As we read the opinion of the Tax Court in this case, that court found that a contribution had been made neither of original capital nor of managerial or vital services. And failing to find other indicia of a bona fide business purpose, the Tax Court held the income of the trust taxable to taxpayer. We must affirm this decision because it is not clearly erroneous. Mauldin v. Commissioner, 4 Cir., 155 F.2d 666; Hash v. Commissioner, 4 Cir., 152 F.2d 722, certiorari denied 328 U.S. 838, 66 S. Ct. 1013, 90 L. Ed. 1614.
We think it clear that the participation of the Feldman trust in the partnership was not a bona fide business arrangement for tax purposes, as required by the Culbertson case. The contribution by the trust of managerial or vital services can be immediately discounted. The first trustee-partner, Maurice Feldman, was a physician who had no previous connection with Brooks Clothes. Presumably he had nothing to offer the business, and the contrary was not shown. The second trustee-partner, Jack Feldman, was already a partner in his own right. We have no doubt that the business benefited by virtue of his counsel but his personal interest compelled whatever contribution he made and it would be unreal to suppose that Jack Feldman contributed as trustee-partner anything that he did not contribute as an individual partner.
The services of Samuel Feldman, the cestui, were too unsubstantial to support, for tax purposes, the partnership arrangement. During the tax years he was respectively fifteen, sixteen and seventeen years of age; he was, so to speak, learning the business from the grass roots. The greater part of the services rendered by him were such as any hired employee might well perform. And when, towards the end of this three-year period, Samuel began to assume higher responsibilities such as substituting for a store manager or assisting in the opening of a new store, these activities were so temporary and scattered that they gave little substance to the value of his services. Quite probably Samuel's early training was to accrue substantially to the future benefit of Brooks Clothes but this was a matter for future tax years.
And the trust contributed no original capital. We recognize, as did the Tax Court, that a failure to contribute original capital is not conclusive even where managerial or vital services are also lacking. But, as previously stated, the want of these elements does place a heavy burden of proof on the taxpayer. This burden has not been met.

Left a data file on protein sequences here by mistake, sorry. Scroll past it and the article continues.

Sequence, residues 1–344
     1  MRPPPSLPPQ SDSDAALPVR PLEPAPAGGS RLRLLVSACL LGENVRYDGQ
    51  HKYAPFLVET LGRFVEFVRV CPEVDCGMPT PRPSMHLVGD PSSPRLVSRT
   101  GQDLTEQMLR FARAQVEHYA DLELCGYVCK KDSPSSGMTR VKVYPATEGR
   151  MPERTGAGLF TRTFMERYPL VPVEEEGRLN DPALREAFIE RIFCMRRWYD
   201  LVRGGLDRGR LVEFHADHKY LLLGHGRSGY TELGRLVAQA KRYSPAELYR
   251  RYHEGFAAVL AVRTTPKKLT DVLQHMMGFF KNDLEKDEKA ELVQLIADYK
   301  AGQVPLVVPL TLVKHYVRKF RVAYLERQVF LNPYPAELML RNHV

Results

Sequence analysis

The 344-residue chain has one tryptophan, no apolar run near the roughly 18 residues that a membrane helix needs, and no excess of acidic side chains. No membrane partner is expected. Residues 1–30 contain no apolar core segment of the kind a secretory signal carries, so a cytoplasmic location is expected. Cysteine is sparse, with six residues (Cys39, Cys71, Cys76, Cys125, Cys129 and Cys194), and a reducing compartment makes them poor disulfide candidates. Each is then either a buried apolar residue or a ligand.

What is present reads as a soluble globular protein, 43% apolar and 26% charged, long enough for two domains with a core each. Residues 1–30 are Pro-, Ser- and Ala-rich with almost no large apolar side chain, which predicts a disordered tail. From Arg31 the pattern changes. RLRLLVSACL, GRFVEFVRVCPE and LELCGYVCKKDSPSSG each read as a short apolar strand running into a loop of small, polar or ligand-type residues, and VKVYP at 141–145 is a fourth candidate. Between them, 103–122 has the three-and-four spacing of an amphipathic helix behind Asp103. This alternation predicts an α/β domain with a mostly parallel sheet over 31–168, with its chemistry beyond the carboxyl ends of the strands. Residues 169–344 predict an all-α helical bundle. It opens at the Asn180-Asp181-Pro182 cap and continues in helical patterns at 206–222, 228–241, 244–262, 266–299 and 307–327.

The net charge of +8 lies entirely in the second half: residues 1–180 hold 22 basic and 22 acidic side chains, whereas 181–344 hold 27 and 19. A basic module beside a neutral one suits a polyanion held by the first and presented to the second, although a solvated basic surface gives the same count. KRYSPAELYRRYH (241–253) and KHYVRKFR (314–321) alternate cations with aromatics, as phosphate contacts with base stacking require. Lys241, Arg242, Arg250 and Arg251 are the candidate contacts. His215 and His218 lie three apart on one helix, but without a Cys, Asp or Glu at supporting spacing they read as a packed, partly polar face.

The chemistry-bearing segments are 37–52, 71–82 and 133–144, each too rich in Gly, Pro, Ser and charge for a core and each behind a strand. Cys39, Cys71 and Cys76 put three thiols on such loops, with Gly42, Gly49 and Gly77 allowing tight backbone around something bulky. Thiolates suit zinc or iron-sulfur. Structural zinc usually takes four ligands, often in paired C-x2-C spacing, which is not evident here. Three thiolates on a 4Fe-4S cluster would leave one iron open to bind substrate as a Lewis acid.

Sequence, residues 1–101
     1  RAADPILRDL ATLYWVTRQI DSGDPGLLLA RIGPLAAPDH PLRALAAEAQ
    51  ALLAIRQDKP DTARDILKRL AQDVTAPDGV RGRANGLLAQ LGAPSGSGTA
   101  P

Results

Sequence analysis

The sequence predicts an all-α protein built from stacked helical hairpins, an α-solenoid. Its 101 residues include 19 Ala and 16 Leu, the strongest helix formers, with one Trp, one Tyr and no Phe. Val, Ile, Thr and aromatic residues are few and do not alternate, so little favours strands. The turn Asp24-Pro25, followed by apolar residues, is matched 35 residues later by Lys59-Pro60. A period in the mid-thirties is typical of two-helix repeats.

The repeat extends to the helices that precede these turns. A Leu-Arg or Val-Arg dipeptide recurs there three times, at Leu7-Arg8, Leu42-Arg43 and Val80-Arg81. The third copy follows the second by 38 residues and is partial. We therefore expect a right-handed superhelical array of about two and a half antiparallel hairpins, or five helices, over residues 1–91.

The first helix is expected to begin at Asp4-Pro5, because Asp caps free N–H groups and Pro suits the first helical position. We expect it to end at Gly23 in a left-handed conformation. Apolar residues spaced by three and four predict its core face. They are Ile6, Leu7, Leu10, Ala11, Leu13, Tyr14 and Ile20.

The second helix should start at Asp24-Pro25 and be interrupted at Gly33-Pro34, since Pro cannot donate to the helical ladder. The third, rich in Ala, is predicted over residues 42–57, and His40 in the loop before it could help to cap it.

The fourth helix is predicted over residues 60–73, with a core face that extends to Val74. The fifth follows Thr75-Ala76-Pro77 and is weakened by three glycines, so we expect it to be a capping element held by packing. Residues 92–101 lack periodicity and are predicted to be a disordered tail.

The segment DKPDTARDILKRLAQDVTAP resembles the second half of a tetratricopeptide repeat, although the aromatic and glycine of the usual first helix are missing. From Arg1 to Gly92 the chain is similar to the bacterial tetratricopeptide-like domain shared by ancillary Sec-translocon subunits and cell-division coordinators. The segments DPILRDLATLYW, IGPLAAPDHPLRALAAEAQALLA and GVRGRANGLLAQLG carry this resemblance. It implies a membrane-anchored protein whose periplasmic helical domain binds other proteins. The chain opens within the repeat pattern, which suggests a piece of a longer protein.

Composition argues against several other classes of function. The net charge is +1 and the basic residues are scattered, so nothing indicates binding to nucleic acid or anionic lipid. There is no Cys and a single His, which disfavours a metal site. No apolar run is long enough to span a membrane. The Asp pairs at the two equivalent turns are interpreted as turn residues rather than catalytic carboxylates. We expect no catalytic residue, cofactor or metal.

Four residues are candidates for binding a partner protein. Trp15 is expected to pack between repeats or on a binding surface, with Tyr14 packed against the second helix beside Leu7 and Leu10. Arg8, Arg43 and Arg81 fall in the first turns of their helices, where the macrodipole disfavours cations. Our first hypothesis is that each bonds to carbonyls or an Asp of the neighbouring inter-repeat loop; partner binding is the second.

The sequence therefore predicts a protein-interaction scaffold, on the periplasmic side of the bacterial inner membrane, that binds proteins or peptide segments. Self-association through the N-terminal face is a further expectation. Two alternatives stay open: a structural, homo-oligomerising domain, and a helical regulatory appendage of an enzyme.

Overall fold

The argument centers about the trust's owning and leaving in the business that capital given it by taxpayer, viewed in the light of the fact that capital was the chief factor in the success of Brooks Clothes. We conclude that the trust's ownership of gift capital is not a contribution sufficient to offset the inferences to be drawn from the failure to contribute original capital or vital managerial services.
Mere legal title to capital acquired by gift is alone insufficient. Commissioner v. Culbertson, 337 U.S. 733, 69 S. Ct. 1210, 93 L. Ed. 1659; Commissioner v. Tower, 327 U.S. 280, 66 S. Ct. 532, 90 L. Ed. 670; Kohl v. Commissioner, 8 Cir., 170 F.2d 531, certiorari denied 337 U.S. 956, 69 S. Ct. 1528, 93 L. Ed. 1756; Hash v. Commissioner, 4 Cir., 152 F.2d 722. And we agree with the Tax Court that this is the sole indication of a bona fide business purpose. The realities of this situation indicate clearly that the admission of the trust as partner had no effect whatsoever on the partnership except insofar as the distribution of profits on taxpayer's original interest is concerned. Brooks Clothes was a closely-knit family partnership and never was it necessary that a vote be taken among the partners. The admission of the trust as partner, although it may have been motivated in part by a desire to furnish Samuel an incentive, was primarily to spread out the distribution of profits in one branch of the family.
Taxpayer makes reference to what could have been done under the declaration of trust. The trustee-partner could have participated actively and independently as representative of the trust but neither of the trustee-partners did so. The trust could have been withdrawn from the partnership but the participation of the trust was extremely profitable and there was every expectation of its remaining so. And this was a family partnership, the trustee-partners were members of the family, and the cestui had for years been preparing to go into the partnership business.
It is true that the trust was to terminate when Samuel became twenty-one, or, if he died in the meantime, to pass as he should appoint by will. This, of course, is indicative of Samuel's property interest but we are not as successful as taxpayer in finding here any evidence of bona fide business purpose. We likewise fail to see the logical connection between a business purpose and the withdrawal of some of the profits for investment elsewhere.
The necessary economic substance and reality are here lacking. See Collamer v. Commissioner, 4 Cir., 185 F.2d 146; Ritter v. Commissioner, 4 Cir., 174 F.2d 377; Moore v. Commissioner, 4 Cir., 170 F.2d 191, certiorari denied 337 U.S. 956, 69 S. Ct. 1528, 93 L. Ed. 1756; Economos v. Commissioner, 4 Cir., 167 F.2d 165, certiorari denied 335 U.S. 826, 69 S. Ct. 53, 93 L. Ed. 380. And see, particularly, Stanback v. Robertson, 4 Cir., 183 F.2d 889, with facts quite similar to those in the instant case.
The decision of the Tax Court is affirmed.